[00:03:36] All of the proposals were intentional about the outreach to folks that normally aren’t participants and the planning decision-making process, but the outreach to multicultural communities, when I heard Russian, Vietnamese, Chinese, and Latinos being assessed and qualitatively recording the fact that the Russians were expressing a need for a collective, more open kind of relationship, that’s a very, very nuanced kind of commentary. And I think that that’s the kind of feedback that planners as a whole do not record. And I think that that’s very important for planning and democratizing the public domain.

[00:04:36] I like the fact that their intentionality implemented a two-step process. So they went after people early on, but then they came back to them to validate: ‘Did we hear you clearly? And are we doing this thing correctly?’ That to me talks about a certain kind of relevance and sincerity and purposeness, intentional direction, that really listens to the public and the feedback from a diverse audience that makes up the community.

00:05:15] John Q: The committee voted to recommend Salem, Eugene, and Clackamas County for awards.

[00:05:20] During the public comment period, a question from Friendly Area Neighbor Pam Wooddell.

[00:05:25] Pam Wooddell (Friendly Area Neighbors): I was wondering about, is there sort of a checklist or something just to assure—How do you measure when you’re done, you know, did you hit the newspapers? Did you do TV? I mean, how does the Citizen Involvement Committee decide when they’ve done sufficient outreach, at what point?

[00:05:42] Barbara Fryer: That’s a very good question Pam. (Yeah.)

[00:05:48] CIAC Chair Steve Faust: You know, you need to think about things both quantitatively and qualitatively because sometimes you do all the right things and you just don’t get the participation you would hope for, but making the effort is very important.

[00:05:58] We do have something that CIC put together a few years back. It was a starting point, kind of a checklist of saying, ‘Are we doing some of the basic things to make sure that we have an open and inclusive process?’ And then we mentioned ‘Putting the People In Planning‘ goes into much more depth on a lot of these issues.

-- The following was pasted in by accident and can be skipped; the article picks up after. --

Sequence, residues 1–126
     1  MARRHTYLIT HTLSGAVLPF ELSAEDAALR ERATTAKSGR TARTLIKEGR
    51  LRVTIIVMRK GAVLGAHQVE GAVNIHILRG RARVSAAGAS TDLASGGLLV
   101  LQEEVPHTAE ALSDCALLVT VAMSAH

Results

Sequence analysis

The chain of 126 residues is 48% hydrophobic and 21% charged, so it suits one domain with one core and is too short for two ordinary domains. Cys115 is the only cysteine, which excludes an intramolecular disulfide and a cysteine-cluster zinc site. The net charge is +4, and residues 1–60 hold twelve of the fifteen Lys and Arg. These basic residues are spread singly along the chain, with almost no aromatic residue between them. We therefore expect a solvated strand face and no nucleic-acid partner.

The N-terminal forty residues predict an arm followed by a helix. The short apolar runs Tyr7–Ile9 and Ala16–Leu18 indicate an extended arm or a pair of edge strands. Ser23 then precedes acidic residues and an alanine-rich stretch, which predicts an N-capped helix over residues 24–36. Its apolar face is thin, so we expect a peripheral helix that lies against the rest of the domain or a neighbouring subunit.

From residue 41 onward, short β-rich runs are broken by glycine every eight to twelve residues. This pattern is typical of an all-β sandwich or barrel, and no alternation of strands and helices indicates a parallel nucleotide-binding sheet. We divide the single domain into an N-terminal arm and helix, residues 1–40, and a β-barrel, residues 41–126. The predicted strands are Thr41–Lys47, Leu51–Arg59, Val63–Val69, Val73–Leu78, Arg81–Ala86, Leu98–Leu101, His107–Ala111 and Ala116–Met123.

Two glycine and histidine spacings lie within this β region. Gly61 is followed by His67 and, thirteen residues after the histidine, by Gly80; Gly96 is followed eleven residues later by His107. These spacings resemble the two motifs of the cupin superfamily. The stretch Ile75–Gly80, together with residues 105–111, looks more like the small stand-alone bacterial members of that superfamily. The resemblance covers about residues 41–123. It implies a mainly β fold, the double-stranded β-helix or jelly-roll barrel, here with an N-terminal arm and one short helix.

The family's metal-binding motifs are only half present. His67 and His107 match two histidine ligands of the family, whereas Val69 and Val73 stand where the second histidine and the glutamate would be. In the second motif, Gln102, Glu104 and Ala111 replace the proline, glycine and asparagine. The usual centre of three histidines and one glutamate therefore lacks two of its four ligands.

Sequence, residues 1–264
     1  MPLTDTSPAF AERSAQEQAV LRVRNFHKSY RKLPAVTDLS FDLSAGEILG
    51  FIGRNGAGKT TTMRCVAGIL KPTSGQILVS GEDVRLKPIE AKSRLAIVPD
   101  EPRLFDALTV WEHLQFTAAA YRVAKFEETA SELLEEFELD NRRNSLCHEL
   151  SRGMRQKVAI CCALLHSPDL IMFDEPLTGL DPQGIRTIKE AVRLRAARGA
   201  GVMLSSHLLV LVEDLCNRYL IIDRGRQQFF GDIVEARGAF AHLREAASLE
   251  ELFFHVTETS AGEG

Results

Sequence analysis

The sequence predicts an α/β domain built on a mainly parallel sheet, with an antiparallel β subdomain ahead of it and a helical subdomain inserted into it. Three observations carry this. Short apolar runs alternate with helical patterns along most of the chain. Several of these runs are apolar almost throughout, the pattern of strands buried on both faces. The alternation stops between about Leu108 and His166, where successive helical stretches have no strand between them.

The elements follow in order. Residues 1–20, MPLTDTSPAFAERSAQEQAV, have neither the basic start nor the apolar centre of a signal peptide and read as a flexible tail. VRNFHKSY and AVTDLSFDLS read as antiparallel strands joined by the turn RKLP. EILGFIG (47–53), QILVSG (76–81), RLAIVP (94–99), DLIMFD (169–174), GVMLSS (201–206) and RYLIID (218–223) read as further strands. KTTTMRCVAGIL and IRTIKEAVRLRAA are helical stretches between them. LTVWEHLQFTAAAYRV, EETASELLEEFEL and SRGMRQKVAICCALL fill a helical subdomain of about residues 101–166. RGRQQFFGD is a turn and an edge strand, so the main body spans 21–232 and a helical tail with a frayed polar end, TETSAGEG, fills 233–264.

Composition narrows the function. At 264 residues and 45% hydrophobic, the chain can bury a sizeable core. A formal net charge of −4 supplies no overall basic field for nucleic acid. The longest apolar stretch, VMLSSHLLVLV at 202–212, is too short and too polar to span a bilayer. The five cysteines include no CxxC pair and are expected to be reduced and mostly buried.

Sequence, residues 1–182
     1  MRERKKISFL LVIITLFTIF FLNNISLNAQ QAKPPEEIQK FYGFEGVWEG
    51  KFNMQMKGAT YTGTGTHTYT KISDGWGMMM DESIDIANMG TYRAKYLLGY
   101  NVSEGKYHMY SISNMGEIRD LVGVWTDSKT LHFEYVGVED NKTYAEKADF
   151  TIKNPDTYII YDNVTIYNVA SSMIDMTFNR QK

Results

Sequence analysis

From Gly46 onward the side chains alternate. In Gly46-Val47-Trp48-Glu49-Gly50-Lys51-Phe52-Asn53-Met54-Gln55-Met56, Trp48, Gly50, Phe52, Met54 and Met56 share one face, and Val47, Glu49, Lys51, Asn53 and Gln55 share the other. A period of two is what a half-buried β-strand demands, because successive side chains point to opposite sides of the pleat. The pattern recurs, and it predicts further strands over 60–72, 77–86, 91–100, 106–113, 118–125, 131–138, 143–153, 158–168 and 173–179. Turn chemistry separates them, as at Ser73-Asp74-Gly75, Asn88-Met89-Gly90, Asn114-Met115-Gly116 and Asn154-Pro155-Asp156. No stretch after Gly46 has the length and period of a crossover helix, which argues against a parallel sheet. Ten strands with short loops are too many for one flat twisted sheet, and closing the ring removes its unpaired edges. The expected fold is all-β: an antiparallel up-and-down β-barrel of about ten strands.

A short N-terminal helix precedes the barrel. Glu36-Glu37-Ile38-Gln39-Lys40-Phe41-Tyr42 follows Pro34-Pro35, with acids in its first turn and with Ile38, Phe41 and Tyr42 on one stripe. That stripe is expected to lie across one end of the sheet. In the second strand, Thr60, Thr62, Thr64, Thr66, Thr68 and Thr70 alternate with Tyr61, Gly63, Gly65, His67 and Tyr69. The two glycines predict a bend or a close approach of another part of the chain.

[00:06:15] Do any of our committee members want to comment on this. Stuart?

[00:06:24] Land Conservation and Development Commissioner Stuart Warren: I don’t think you’re ever done with community engagement.

[00:06:27] Even when you adopt something, you should be revisiting with your community to check in, to see how the process went. And then a year down the road, check back in to see, how are the results working for us? What is the community feeling about the update to the zoning codes? So I don’t think that there is an end and so that’s what makes this whole process in-depth and tough, right? Because it just, there’s not an end. There’s no easy answer. It just takes time and effort.

[00:06:54] John Q: Southeast Neighbor Leah Rausch was elected chair of the advisory committee.

[00:06:58] Steve Faust: A motion to approve Leah Rausch as the CIAC chair, to be officially voted in at the July meeting. All those in favor, please raise your hand. I think it looks unanimous.

[00:07:11] John Q: Congratulations to the City and University planning team and Southeast Neighbor Leah Rausch, the next chair of the Citizens Involvement Advisory Committee.